IQOS is sold in 50 countries, including the US, through a partnership with US Marlboro maker, Altria Group. The two companies pledged to regulators that they would market the device only to adult smokers. But in other markets across the world, the Stanford study said, Philip Morris uses ‘coaches’ and ‘ambassadors’ to market IQOS.

In Romania and Russia, employment agencies recruit women as young as 19 to market IQOS. Instagram postings for Be Like Me, a Romanian marketing agency, show young women in malls posing with the device.

The Instagram account for RBT Group, a staffing agency in Russia that markets IQOS, shows photos of attractive young women in front of IQOS signs.

Other Instagram accounts with the IQOS name, including one called iqostyle.arm, in Armenia, show young women posing with the IQOS in professional-quality photographs. One photo on that account from last July — two months after Philip Morris said it had suspended all influencer marketing — showed Nika Shuvalova, a 22-year-old Ukrainian model, posing in a swimsuit on a boat with an IQOS.

The stakes for Philip Morris are huge: The company invested $6bn in developing ‘smoke-free’ products, such as IQOS, in hopes of staving off declining global cigarette sales. In 2018, CEO, Andre Calantzopoulos, told shareholders that the company hoped to receive 40% of its revenue — nearly $20bn — from ‘reduced risk’ products by 2025. Philip Morris documents underscore the importance of its larger strategy: “Make ‘normalisation’ a PMI priority and imbed this mindset into the organisation,” read an internal memo from 2014. The document also cited “the threats posed by PMI/industry de-normalisation” — such as lobbying bans and exclusions from international treaties and trade agreements — “and the need to reverse this trend to drive future growth”.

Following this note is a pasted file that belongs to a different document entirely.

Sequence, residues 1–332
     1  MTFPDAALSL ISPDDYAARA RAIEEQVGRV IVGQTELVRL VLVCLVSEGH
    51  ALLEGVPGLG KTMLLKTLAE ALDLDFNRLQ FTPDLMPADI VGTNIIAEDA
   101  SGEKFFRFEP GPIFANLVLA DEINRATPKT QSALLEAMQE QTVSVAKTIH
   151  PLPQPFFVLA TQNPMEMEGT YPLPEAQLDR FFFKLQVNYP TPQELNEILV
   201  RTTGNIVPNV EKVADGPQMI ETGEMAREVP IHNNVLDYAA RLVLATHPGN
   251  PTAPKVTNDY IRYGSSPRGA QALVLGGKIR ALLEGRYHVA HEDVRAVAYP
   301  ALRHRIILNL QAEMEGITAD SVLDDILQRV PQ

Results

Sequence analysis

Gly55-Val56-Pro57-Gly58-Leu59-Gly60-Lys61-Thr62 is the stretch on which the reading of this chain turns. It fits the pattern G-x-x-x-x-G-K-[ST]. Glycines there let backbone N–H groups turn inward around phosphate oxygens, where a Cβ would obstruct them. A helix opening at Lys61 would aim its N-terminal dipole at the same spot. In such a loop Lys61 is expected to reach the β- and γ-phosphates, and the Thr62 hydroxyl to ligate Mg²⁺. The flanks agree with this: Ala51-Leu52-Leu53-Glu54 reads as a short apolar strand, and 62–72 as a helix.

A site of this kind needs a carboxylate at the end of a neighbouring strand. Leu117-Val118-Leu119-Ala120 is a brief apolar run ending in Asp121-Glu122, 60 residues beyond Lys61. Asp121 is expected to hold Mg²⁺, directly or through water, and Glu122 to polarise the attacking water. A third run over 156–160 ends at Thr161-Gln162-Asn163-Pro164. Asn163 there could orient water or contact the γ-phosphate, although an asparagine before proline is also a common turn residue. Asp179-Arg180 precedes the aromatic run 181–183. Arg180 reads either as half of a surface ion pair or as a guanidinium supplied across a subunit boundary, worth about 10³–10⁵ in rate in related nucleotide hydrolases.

The Stanford researchers pointed to company efforts to associate IQOS with fashion, art, and popular culture in a way that cigarette brands, such as Marlboro, have been unable to do, given changing social attitudes and prohibitive laws. IQOS has been present at Germany’s Bambi Awards — which honour stars in TV and film — as well as that country’s Playboy Playmate of the Year Awards.

Philip Morris worked with British sculptor Alex Chinneck on a dramatic installation at the 2019 Milan Design Week. The company also worked with industrial designer Karim Rashid to create an installation at the previous year’s Milan Design Week. The company has also sought to distinguish IQOS from smoking, through partnerships with restaurants, bars, and salons, where cigarettes are banned but the IQOS device is allowed.

The Stanford researchers found evidence of hundreds of ‘IQOS friendly’ establishments in the Czech Republic, Ukraine, Romania, and Japan. The Stanford researchers say such policies undermine public smoking laws and encourage dual use of cigarettes and alternative devices. Many users will continue smoking outdoors, but turn to e-cigarettes or IQOS indoors. Such switching can “deepen nicotine addiction and make cessation less probable,” the Stanford report said.

The brand also had a presence at a Tel Aviv University student music festival last year, and at a launch party for IQOS in Albania, last year, a performer with an IQOS did an interpretive dance on stage. “They’re trying very hard to resurrect the glory era of smoking, where it was glamorous and sophisticated and stylish,” Jackler said.

“It’s about associating it with all the good things in life.”